Coherent (Santa Clara, CA) introduced its HighLight Series Adjustable Ring Mode (ARM) fiber lasers several years ago for applications that were not being adequately addressed by traditional technology. Typically, these are tasks in which the spatial distribution of power and power density at the work surface must be carefully controlled in order to yield good weld quality (low spatter, minimal cracking, and reduced porosity). Typical examples are zero-gap welding of galvanized steel, spatter-free welding of powertrain components, and welding of aluminum hang-on parts with no cracking, without using filler wire. 

The technology employed by these lasers has been described in Industrial Laser Solutions in the past (see http://bit.ly/ILS-ARM1 and http://bit.ly/ILS-ARM2). Briefly, they utilize an output beam consisting of a central spot, surrounded by another concentric ring of laser light. The power in the center and the ring can be independently adjusted and modulated on demand, and this enables very careful control over the melt pool dynamics.

The latest innovation in this technology is an ARM laser that produces a high-intensity, high-brightness, low M2 center beam. This is particularly advantageous for copper welding because the high-brightness center beam provides the energy required to readily melt the material, despite its relatively low absorption coefficient, while the ring beam helps stabilize the keyhole. The result is that the welding process is initiated and maintained consistently, regardless of surface variations in the workpiece, thus overcoming the limitations experienced with traditional fiber lasers.

Copper welding results

Copper welding was assessed in a series of tests at Coherent using an ARM laser having a high-brightness center beam (22 µm diameter), and a ring beam having an inner/outer diameter of 100 µm/170 µm. The laser was focused using a remote processing head with a magnification of 1.4, with nitrogen as shielding gas and cross jet. The material welded was pure copper. The laser power was 4 kW, with 1.5 kW in the center and 2.5 kW in the ring for all tests. Initial testing showed that optimum results (best compromise between weld penetration, spatter, and surface quality) were achieved with the beam focused 1.5 mm above the work surface. The beam profile for these conditions is shown in Figure 1.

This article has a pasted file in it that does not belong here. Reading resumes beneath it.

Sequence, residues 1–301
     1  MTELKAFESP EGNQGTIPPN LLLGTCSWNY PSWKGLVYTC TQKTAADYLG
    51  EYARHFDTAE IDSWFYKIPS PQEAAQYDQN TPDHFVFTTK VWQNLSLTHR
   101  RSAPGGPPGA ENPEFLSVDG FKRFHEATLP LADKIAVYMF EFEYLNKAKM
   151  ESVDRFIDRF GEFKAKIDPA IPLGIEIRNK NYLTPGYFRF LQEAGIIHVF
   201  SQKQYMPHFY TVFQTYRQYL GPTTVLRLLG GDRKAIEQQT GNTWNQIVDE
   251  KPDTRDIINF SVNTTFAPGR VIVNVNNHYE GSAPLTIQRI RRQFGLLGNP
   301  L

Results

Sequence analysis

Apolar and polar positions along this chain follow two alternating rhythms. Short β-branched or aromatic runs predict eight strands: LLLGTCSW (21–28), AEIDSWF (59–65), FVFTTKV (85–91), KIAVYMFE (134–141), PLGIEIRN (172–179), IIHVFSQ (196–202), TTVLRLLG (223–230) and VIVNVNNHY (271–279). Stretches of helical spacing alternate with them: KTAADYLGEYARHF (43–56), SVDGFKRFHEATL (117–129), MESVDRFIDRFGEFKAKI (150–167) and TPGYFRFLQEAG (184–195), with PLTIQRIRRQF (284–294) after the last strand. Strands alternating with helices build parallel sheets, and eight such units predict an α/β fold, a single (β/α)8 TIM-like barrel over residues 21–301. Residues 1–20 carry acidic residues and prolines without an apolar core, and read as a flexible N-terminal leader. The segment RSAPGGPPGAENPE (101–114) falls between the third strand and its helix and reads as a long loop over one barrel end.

Figure 2 plots weld penetration on 2-mm-thick copper as a function of speed under the conditions just described. A 2 kW green laser was also tested under the same conditions for comparison (this is the highest-power green laser currently available). The IR ARM laser delivered twice the weld penetration over a wide range of weld speeds.FIGURE 2. Weld penetration in 2-mm-thick copper for a 4 kW, high-brightness ARM laser compared to a 2 kW green laser.FIGURE 2. Weld penetration in 2-mm-thick copper for a 4 kW, high-brightness ARM laser compared to a 2 kW green laser.

Figure 3 shows a cross-section of the weld. Most significantly, this weld is free of voids, shows uniform grain formation and recrystallization, and adequate penetration depth.FIGURE 3. A cross-section of a copper weld produced by the high-brightness infrared ARM laser, with an output power of 3.5 kW at a welding speed of 300 mm/s.FIGURE 3. A cross-section of a copper weld produced by the high-brightness infrared ARM laser, with an output power of 3.5 kW at a welding speed of 300 mm/s.

The dependence of weld results on workpiece surface quality was also examined by performing a continuous weld across a surface that was polished in one area and sanded in another. The results (see Fig. 4) reveal a stable process, with no significant change in weld quality as surface finish changed.FIGURE 4. Consistent weld beads on smooth and sanded copper using the 4 kW ARM laser at various speeds (300–150 mm/s top to bottom).FIGURE 4. Consistent weld beads on smooth and sanded copper using the 4 kW ARM laser at various speeds (300–150 mm/s top to bottom).

Conclusion

These tests demonstrate that the Coherent high-brightness ARM laser is an effective solution for demanding copper welding applications in e-mobility. Weld penetration and process speed match or exceed current production requirements. And, the ARM laser avoids the sensitivity to surface quality and process instability problems that have limited the use of fiber lasers for copper in the past. Fiber lasers, which have been the source of choice for so many industrial applications due to their superior reliability and ease-of-use, together with lower cost-of-ownership, are now ready to tackle copper welding.

More in Welding